Never Giving In.
Switch the whole wheat products with green veggies. Broccoli, spinach, romaine lettuce. You feel full longer and you shouldn't get that much of a spike because those veggies take longer to digest, especially broccoli. To add to that, make sure they are raw or lightly cooked.
hmm...maybe i should try chicken, egg, salads for lunch more often and try to avoid the bread. if i use vegtables as my main source of carbs is there any harm in that? any energy concerns?
Never Giving In.
You'd do fine limiting the starchy carbs to the morning... get onto the fibrous carbs after mid-day. That has worked well for me. Basically, a turkey sandwich for breakfast and lunch is the routine, though weekends may bring a potato for lunch. No bread/potato after lunch.Originally Posted by waynis
Volume of carbs from most veggies is quite low compared to grain sources.Originally Posted by waynis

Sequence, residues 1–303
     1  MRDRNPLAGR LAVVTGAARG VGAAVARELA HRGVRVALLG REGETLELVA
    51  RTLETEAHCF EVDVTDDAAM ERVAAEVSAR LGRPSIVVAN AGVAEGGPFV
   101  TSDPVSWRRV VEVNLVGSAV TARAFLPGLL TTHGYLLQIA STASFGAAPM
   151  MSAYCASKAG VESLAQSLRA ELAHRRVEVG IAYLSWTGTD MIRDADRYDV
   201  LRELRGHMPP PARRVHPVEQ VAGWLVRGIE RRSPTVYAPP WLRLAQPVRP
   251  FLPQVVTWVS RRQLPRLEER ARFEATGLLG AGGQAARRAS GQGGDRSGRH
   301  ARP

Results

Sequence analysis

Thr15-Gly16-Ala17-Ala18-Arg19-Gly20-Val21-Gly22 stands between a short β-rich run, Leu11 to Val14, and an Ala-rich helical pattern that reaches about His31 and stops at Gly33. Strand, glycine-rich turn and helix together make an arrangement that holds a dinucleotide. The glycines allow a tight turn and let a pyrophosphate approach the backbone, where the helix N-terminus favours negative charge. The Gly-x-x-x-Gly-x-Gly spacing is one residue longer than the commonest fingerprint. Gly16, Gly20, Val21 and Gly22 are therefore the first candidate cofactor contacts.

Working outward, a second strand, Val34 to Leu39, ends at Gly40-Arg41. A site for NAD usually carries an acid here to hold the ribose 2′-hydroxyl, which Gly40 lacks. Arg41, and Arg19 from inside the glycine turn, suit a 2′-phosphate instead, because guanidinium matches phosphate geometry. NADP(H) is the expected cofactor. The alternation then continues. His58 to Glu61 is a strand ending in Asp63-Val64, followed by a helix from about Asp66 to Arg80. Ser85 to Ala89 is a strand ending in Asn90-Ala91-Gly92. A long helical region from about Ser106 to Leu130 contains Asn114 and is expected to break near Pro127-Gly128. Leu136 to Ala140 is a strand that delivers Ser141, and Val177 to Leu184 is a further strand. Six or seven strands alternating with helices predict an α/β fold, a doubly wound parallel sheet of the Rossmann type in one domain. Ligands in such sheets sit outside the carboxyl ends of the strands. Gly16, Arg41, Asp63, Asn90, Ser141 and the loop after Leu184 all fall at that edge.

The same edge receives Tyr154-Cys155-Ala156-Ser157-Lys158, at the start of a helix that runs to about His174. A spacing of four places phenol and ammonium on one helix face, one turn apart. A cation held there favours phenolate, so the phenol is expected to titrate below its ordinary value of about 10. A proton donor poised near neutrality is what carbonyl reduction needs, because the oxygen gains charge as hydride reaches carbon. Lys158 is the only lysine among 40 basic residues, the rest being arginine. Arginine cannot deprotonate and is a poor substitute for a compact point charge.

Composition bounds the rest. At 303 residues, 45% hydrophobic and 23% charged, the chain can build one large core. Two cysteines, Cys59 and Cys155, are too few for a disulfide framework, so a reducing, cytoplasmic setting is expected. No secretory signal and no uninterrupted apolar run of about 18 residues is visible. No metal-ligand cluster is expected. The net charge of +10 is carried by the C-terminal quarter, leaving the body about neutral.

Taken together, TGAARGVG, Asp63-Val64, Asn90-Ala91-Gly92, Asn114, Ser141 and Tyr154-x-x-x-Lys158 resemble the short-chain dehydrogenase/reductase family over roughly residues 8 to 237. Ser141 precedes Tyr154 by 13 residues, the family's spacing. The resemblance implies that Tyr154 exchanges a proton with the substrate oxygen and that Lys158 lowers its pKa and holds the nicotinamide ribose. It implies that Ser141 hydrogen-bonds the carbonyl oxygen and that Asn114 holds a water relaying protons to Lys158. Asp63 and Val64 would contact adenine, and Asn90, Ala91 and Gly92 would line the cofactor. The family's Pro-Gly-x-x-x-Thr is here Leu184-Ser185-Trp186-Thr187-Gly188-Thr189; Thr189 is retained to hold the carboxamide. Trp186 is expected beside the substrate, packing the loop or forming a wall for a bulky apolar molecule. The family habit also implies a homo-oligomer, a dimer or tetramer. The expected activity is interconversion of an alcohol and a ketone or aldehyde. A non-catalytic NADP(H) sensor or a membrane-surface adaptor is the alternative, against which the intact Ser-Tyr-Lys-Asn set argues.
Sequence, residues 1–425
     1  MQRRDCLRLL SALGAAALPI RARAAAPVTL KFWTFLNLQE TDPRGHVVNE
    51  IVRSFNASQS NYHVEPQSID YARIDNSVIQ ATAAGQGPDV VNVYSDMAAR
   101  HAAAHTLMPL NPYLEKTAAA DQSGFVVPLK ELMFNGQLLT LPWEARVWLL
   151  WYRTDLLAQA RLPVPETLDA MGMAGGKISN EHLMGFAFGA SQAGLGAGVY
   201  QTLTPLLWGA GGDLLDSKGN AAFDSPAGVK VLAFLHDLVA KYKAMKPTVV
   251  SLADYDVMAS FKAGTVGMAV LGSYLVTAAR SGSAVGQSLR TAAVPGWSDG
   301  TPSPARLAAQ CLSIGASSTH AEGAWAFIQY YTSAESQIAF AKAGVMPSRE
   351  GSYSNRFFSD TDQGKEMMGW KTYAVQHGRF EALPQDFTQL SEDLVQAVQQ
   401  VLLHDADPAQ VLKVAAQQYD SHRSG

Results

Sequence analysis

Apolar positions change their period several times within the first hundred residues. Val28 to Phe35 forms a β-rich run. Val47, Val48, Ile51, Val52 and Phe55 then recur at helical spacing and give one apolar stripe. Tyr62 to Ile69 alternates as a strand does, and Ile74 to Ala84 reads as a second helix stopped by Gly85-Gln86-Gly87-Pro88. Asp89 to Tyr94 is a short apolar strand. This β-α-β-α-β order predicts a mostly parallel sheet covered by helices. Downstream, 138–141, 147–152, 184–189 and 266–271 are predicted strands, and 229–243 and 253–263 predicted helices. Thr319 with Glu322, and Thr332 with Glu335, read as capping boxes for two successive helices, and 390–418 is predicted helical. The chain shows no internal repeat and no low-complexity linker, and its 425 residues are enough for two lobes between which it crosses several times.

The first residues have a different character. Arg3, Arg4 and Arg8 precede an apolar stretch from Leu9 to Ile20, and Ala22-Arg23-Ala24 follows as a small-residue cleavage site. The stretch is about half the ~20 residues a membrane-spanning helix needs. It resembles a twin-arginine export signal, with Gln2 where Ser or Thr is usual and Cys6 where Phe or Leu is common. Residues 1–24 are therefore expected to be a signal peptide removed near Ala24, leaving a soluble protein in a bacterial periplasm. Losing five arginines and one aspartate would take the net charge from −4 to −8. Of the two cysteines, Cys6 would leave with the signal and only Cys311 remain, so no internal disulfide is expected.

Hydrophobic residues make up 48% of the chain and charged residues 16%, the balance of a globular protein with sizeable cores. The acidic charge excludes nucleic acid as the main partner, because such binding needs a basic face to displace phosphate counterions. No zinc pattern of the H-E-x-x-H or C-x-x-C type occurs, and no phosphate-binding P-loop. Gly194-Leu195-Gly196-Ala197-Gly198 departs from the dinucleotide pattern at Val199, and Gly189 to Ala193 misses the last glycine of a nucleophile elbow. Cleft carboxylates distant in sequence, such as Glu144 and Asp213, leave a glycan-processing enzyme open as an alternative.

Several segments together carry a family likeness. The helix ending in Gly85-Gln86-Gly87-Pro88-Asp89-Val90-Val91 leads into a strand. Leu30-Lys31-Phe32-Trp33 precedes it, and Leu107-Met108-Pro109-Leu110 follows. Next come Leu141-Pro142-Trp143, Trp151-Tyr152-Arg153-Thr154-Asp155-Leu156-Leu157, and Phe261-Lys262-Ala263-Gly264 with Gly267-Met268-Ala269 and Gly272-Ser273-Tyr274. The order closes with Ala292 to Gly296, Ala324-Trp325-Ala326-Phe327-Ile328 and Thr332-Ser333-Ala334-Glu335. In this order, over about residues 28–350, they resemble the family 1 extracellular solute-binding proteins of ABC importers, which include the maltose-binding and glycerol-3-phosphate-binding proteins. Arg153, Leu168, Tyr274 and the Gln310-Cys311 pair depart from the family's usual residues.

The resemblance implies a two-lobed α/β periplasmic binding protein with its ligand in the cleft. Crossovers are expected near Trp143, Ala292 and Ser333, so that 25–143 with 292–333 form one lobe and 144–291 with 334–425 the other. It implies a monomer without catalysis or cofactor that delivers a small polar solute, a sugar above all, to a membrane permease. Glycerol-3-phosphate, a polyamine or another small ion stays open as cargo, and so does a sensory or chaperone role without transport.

yeah it is.. The only thing i changed in the last week was limiting my complex carbs after 3 pm. I read it in a mag and decided to try it. basically im getting carbs from oatmeal-breakfast, wheat bread-lunch- brown rice or artichoke noodles around 3 pm... After 3 pm i've been doing sweet potatoes, veggie chips, or diffrent types of vegetables as my carbs. either quick digesting carbs or low glycemic index carbs.
I'am yet to decide which new diet im going to start or just pound out more cardio. I cut my hand and i should be getting the stitches out in a couple days and hopefully it wont be too long till i can lift again. I was thinking intense training. 40 minutes of cardio 3 times a week with resistance training 6 days a week of some sort. example.. back, bi's monday, abs, lower back , cardio tuesday, ext. With all this rest i've been having im gonnna be pumped and energized when i start lifting again and should see good results hopefully. Before I hurt my hand i think i basically hit a plateau and was getting un motivated. Now I cant wait to go to the gym being stuck in the house for a week so far.